The common eggfly, Hypolimnas bolina (L.) (Lepidoptera : Nymphalidae), is an adult-diapausing tropical and sub-tropical species that exhibits seasonal plasticity in adult body size. Here I investigated (a) whether size plasticity in this species is due solely to variations in rearing temperature, or whether photoperiod is also involved, and (b) whether rearing photoperiod affects the timing of ovarian development in adults. Individuals were cultured at temperatures ranging from 21°C to 30°C, and under daylengths of 11.5, 12.5 and 13.5 h in two separate experiments. Significant plasticity in juvenile developmental traits was detected in response to both variables, with cooler temperatures and shorter daylengths both leading to decreased developmental rates and increased size at maturity. Although juveniles grew more slowly with decreasing temperature, they grew faster with decreasing daylength. The timing of ovarian maturation was also related to roaring photoperiod; whereas 'long day' adults (13.5-h photoperiod) had gravid ovaries after 10 days, the ovaries of 'short day' adults (11.5-h photoperiod) were either regressed or nearly so. These preliminary results suggest that size variation observed in field populations of H. bolina may not be wholly accounted for by variations in developmental temperature and, furthermore, that photoperiod may be used by this tropical species as an environmental cue for the seasonal timing of reproduction.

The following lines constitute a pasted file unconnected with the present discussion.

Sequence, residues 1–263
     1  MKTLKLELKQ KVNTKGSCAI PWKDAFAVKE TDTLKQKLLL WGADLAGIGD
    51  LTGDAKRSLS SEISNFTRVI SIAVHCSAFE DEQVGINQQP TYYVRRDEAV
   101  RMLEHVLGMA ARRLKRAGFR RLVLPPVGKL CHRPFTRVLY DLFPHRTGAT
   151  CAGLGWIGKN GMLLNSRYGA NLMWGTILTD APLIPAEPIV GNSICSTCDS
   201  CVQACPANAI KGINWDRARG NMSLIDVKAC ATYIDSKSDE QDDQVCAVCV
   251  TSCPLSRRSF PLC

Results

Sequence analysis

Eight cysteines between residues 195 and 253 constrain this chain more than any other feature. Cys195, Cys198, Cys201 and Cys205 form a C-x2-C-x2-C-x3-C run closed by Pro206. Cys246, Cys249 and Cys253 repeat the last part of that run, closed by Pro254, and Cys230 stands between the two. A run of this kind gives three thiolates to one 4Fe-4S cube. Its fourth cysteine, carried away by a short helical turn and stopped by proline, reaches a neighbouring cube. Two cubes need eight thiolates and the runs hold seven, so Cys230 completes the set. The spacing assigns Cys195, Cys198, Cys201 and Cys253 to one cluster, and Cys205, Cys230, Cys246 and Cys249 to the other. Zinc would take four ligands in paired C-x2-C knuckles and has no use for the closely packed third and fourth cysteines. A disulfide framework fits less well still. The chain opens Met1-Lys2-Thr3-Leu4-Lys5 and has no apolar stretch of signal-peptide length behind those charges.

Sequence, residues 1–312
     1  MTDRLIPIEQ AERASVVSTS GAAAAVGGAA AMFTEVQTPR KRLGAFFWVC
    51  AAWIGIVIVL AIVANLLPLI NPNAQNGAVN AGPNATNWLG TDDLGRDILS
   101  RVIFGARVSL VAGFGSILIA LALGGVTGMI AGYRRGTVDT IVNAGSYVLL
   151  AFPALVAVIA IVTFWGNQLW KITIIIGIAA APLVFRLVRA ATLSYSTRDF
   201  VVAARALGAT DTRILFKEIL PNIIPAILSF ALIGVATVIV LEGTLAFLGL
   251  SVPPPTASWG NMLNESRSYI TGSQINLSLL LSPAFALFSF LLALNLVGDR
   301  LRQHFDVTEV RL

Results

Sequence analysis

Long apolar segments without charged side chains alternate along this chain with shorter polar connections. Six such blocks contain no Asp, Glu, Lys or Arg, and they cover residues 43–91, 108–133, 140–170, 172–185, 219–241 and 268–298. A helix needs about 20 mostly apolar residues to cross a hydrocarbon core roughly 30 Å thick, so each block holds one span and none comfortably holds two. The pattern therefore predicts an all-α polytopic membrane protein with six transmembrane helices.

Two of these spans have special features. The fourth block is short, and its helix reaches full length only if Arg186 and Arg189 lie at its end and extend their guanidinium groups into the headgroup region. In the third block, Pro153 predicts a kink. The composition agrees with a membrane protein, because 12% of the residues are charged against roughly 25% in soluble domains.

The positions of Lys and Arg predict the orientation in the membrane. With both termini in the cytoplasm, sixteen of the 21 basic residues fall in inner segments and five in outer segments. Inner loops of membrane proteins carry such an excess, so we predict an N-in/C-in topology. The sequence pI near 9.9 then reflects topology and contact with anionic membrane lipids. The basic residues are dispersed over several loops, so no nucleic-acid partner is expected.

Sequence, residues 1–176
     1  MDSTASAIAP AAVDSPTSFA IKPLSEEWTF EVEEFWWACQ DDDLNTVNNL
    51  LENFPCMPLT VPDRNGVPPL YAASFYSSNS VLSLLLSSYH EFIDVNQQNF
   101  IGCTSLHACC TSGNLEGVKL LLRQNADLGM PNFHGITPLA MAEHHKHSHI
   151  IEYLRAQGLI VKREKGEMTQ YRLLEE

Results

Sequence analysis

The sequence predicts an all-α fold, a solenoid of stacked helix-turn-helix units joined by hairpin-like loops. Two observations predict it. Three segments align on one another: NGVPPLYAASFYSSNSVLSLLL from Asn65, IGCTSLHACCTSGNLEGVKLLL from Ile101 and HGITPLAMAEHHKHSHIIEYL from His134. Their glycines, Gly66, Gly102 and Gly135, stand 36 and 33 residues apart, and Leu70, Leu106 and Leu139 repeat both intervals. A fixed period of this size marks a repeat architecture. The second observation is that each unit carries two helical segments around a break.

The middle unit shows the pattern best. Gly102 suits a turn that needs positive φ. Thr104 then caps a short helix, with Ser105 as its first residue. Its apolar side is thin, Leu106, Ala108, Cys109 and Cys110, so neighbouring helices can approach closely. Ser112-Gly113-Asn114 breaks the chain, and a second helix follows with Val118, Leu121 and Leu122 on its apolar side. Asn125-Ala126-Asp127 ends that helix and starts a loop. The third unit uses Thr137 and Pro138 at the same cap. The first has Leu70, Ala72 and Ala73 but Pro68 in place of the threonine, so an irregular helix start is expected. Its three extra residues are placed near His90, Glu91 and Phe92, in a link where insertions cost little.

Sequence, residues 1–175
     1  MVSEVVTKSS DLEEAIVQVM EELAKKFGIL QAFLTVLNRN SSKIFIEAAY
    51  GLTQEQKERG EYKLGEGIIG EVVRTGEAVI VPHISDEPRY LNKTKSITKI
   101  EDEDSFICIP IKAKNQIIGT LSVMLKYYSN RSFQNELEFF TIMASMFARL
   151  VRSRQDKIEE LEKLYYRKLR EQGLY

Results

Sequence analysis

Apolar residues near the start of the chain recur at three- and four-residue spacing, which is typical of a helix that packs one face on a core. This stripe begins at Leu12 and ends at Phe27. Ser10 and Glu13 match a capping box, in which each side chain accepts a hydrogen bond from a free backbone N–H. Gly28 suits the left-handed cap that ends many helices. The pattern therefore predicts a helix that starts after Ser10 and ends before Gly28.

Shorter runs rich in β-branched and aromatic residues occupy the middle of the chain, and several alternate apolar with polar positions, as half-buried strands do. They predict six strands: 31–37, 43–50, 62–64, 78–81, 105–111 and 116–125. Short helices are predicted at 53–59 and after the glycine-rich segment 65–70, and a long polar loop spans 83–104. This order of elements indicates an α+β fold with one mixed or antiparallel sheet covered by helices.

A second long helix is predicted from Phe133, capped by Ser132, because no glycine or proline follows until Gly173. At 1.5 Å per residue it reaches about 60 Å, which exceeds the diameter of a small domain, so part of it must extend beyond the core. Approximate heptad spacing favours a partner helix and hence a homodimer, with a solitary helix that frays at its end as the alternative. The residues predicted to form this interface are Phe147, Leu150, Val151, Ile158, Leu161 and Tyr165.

|Number of pages||12|
|Journal||Australian Journal of Zoology|
|Publication status||Published - 2000|